My lover wanted an affair not marriage. I walked away
'I will establish a love relationship with you even after the wedding. You know I must marry her under pressure. I’ll manage her and she’ll never know,' he said.
- Total Shares
Who should have the right of way in a life-defining relationship?
"Togetherness" is a lovely word, as it speaks of unsaid collaboration between two people. One may construct beautiful while the other deconstructs ugly.
For one partner the space may get sacred working at a pairing that is good, on a common footing. It’s surrender with imperial dignity. While one sees that image as beauty, the other puts an expiry date, like the Facebook prompt, "Create a temporary profile picture".
Rewind to the last semester of our college life. I’d like to call her Sahiba. We were at a forest reserve, our post-graduation batch working on a conservation project. Our minds were moored to the open green theme in nature’s luxuriant drapery.
Soon enough romance had to blossom! It was Sahiba. Her voice was a velvet whisper diffused with love. “Himpy (my name) Akshat is more than a project mate to me.” I smiled.
Our conservatively raised "forever good girl" had wriggled out of her restricting pupa, a light-winged butterfly now. I knew she’d been a bride of stolen moments, for that explained her extra outdoor project time with Akshat.
That strikingly handsome bear of a guy! So our sloth bear was relishing the sweet, sticky fermented flower of Sahiba’s love on many a sun dappled day, in nature’s mosaic.
Akshat serenaded Sahiba that year with loose bouquets of wild flowers over savoury ginger tea in the "chai ka khomcha" of our university. Emboldened by love, she dismissed "titles" written by barmy boys on department walls pointing to them being an item. She would be Mrs Akshat in a few months. Akshat’s family wouldn’t have it. Sadly, the relationship ticked off like a time bomb.
He got engaged to a trader’s daughter in a "proper horoscope matched alliance". His family’s shop of bedsheets, spreads, blankets, comforters and pillows was small scaled compared to his in-laws’ glittering wealth of furniture and building construction.
He got engaged to a trader’s daughter in a "proper horoscope matched alliance".
Sahiba couldn’t absorb the shock for days. Akshat said: “Sahiba! Let’s find a solution. I will establish a love relationship with you even after the marriage. You know I must marry her under pressure. I’ll manage her and she’ll never know. She’s told me she’s had a light boyfriend phase but no sex.”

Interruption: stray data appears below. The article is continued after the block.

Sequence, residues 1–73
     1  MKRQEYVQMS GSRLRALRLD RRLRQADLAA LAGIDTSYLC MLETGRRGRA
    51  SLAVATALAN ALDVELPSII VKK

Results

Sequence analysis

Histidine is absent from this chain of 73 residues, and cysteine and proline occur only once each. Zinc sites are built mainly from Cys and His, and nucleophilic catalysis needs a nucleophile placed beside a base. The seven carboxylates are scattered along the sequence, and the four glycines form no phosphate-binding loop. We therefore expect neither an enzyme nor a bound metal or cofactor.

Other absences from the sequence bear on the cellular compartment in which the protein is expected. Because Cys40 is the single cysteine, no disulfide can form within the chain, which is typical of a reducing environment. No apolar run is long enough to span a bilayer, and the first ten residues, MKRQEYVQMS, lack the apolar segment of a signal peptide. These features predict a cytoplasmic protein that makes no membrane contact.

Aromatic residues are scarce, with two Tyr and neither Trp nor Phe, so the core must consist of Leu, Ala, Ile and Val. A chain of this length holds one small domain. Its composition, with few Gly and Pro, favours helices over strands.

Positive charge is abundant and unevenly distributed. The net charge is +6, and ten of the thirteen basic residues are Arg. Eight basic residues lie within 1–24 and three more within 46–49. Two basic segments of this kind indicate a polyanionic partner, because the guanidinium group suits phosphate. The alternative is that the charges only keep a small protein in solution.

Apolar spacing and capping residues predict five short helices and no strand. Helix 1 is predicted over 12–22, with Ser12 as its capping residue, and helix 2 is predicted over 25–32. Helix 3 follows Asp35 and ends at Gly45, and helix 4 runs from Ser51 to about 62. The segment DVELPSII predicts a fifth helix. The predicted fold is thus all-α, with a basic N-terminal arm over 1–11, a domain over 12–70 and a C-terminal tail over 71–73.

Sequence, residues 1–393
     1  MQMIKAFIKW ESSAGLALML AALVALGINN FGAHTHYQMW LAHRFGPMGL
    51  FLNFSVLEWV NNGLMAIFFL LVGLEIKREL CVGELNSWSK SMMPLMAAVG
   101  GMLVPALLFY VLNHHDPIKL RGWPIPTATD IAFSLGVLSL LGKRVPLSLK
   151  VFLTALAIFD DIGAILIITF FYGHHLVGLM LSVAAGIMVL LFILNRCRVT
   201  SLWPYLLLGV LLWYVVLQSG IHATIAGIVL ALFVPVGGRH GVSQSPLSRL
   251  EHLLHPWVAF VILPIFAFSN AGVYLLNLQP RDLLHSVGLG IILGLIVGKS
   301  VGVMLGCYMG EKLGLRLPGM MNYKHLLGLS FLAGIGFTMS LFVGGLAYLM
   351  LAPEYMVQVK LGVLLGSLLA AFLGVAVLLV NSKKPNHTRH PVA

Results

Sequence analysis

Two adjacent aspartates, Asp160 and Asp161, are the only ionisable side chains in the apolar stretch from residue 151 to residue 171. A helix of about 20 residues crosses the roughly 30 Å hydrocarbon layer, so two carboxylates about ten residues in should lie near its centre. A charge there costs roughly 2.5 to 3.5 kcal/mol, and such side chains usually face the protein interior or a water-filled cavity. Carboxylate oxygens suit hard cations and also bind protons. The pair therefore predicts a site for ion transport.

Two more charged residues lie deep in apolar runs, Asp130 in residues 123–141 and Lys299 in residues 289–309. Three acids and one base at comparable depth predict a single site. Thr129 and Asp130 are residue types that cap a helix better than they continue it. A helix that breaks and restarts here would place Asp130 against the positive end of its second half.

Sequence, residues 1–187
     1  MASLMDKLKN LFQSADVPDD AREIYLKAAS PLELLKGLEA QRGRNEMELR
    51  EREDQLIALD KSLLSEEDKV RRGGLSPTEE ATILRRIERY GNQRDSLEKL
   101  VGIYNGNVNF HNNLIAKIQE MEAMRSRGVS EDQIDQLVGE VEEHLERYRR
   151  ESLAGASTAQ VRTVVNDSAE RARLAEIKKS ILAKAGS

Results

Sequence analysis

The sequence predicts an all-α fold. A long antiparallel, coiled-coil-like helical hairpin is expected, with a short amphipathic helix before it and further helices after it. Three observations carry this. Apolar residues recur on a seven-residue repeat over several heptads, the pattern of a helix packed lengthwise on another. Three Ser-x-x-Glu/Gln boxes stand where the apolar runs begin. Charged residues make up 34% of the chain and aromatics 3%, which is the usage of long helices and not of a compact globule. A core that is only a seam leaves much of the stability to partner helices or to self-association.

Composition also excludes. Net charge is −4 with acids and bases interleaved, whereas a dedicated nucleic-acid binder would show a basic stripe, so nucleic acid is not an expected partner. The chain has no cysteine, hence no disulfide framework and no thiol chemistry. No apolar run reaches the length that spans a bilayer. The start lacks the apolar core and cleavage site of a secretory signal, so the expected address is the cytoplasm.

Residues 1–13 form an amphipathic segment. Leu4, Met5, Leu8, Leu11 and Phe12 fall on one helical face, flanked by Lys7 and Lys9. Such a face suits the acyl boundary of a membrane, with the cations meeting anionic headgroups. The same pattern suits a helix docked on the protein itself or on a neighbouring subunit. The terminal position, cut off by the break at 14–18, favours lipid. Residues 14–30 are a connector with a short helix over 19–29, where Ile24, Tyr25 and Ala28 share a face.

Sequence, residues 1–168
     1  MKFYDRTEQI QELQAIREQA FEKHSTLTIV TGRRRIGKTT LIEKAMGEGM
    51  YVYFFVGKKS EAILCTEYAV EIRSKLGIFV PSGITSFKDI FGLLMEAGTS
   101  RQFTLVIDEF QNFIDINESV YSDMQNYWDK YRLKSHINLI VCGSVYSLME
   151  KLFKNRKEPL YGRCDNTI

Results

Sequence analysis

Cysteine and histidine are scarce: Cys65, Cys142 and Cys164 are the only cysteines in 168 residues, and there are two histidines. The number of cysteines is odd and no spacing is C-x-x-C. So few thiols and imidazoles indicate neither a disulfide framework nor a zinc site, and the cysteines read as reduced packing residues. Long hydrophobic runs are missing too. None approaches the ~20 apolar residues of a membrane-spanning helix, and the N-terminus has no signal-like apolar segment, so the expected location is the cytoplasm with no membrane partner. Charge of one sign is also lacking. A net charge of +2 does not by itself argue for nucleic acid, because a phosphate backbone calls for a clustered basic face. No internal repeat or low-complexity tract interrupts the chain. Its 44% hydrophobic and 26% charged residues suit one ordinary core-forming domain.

Sahiba’s reply, “Thank you! I never knew this was your class.” She came to my house on feet of lead, crying, carrying the weight of searing memories. Akshat’s in-laws established his business by gifting him a photography shop.
Sahiba’s parents understood her as she lay sundered. She enrolled for PhD from a city in Uttar Pradesh. Later she became a permanent lecturer in a reputed university. She was nearing 30, a graceful lady, well placed by now. There were proposals.
Her mother wanted her opinion on an IAS officer from her community. Love isn’t mystical and elusive and being practical doesn’t mean settling with someone with the "heart factor" missing. Our Sahiba had started feeling differently for the registrar of her university.
Sumit was sensible and friendly. He gave her quality time. He was decent looking and she had sensed a lifestyle compatibility with him. His support and companionship during her research days were outstanding.
They’d never dated officially but she sensed "something mature" this time around. She gathered courage and told him everything, including her soul-piercing past. I happily informed her mother that she had found her inter-caste like-minded match. I knitted her baby’s wool jumpsuits a year-and-a-half later.
True, most of us just want to belong to one person but what if it’s a deal-breaker from their side? That’s not the end. You’ll find people who are consistent and emotionally stable. Who don’t degrade you nor change their opinion about you. They have the right of way, just as I had read in the signpost of the forest sanctuary, "elephants have the right of way".
Sahiba once described her first romance as "idhar se udhar kuch fisley jazbaaton ka faasla (distance caused by emotions that slipped recklessly)".
“I resolved to be the best woman to Sumit after he and I buried my past together,” she concluded smilingly as a wife.
(Names have been changed to protect identities.)
(This post first appeared on Bonobology.com)